When New Life Meets Death participatory research project receives grant

COST Action members Claudia Meier Magistretti and Valerie Fleming have successfully gained a grant for 159,000 Swiss Francs from the Swiss Academy for Medical Sciences (http://www.samw.ch/de.html) for their project “When new life meets death”, a participatory research project to improve care for families whose babies are given a diagnosis incompatible with life while in utero and who continue or terminate the pregnancy, who experience an intrauterine death resulting in stillbirth, or whose babies die within the first month of life.

Background: In Switzerland childbirth is generally assumed to be a healthy, normal life experience accompanied by safe and efficient professional care. However, there are also experiences which are less positive and may even result in the death of the baby. In 2014 throughout the country there were 402 stillbirths, 125 abortions after 22 weeks and 232 perinatal deaths.

Aims: to address the gaps in care provided to parents whose babies are given a diagnosis incompatible with life while in utero and who continue or terminate the pregnancy, who experience an intrauterine death resulting in stillbirth, or whose babies die within the first month of life. To develop a best practice model of palliative and bereavement care for families of babies in any of the affected groups. Objectives: to define what palliative and bereavement care was provided to parents of affected babies; to identify elements of best practice from the parents’ perspective; to identify gaps in palliative and bereavement care provision.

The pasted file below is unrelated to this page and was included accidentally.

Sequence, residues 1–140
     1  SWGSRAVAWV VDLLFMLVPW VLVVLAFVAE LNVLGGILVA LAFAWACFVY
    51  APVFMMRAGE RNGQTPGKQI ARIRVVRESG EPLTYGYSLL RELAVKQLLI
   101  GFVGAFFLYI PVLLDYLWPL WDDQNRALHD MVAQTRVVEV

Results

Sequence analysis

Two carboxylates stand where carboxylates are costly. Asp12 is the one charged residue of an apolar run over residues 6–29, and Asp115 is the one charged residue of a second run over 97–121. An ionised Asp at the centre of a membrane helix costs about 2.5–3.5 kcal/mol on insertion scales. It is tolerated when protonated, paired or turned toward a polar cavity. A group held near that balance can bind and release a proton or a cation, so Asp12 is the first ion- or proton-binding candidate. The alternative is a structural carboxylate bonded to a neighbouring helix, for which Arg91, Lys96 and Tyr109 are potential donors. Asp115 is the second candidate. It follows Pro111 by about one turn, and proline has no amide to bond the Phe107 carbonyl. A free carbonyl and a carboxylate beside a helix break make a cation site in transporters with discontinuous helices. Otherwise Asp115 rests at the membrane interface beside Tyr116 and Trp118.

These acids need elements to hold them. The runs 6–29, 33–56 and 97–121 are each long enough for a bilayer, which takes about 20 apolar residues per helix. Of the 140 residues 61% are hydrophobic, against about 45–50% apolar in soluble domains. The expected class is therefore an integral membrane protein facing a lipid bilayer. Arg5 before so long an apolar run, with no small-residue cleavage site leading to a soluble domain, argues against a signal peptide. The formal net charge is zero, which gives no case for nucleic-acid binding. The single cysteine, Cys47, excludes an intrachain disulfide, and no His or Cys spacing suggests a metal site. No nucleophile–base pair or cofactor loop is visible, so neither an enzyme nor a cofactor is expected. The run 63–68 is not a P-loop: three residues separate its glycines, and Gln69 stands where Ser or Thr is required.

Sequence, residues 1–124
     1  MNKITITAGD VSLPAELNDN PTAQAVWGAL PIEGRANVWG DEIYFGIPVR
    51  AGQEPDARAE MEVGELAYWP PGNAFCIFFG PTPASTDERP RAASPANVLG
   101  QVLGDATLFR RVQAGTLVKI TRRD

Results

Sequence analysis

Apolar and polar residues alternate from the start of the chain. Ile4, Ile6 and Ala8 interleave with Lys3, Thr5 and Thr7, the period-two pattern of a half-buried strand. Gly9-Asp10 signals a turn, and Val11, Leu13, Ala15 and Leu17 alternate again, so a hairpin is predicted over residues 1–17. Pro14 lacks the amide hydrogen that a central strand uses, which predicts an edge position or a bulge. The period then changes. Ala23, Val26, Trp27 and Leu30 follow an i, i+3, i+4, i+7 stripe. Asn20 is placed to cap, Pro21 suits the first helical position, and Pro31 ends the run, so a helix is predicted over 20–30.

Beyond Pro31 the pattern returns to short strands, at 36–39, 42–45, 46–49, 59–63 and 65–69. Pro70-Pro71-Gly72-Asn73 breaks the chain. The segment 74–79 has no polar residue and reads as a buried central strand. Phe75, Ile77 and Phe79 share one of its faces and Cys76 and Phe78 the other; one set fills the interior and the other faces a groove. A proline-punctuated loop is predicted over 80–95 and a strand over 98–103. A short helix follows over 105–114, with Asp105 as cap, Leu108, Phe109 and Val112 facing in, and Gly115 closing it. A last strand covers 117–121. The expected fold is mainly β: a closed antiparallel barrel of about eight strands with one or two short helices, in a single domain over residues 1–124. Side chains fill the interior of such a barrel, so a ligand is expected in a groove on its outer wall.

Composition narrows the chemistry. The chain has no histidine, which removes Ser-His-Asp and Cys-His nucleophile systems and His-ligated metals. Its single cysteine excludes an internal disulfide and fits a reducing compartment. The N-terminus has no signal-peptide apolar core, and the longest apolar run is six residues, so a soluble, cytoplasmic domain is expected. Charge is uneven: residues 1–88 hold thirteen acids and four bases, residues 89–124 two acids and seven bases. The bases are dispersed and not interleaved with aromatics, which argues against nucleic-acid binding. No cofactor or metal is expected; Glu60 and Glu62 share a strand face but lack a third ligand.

Design, setting methods and analysis: As this is a qualitative study an hypothesis is not appropriate. The research will be carried out in two stages in each of the three main language regions of Switzerland.

Stage one: Purposive sampling will be carried out in the main cantonal hospitals in Ticino, Valais and Zürich. In each canton two parents will be recruited from each of the four target groups (n = 24).

Semi-structured focused interviews of between 45 and 90 minutes will be carried out with the participants addressing each of the objectives above in the language of choice of the participant.

Analysis stage one. Data will be transcribed verbatim and analysed in depth. Initial codes will be done in the original language with memos in German. Themes and a tentative model will be generated and validated by the participants.

Stage two: Data collection will involve one focus group interview of approximately 1.5 hours in each of the three cantons, with one parent, one midwife, one gynaecologist and one other such as a spiritual adviser or a psychologist. The first 30 minutes will ask the group to consider the gaps in care identified by Fleming et al (2016); the next 30 minutes will ask them to reflect critically on the model of care proposed by NHS Scotland (2013) and the final 30 minutes will give consideration to the group’s views of an ideal service for their canton. In the analysis phase data will be subjected to an hermeneutic analysis, comparing them with that of the parents in stage one, and out of this a tentative model of palliative care will be generated.

Relevance: The proposed project seeks to fill a gap clearly evident in existing studies carried out in Switzerland and indeed elsewhere through the in depth analysis of parents’ views and the comparison with health professionals’ experiences.

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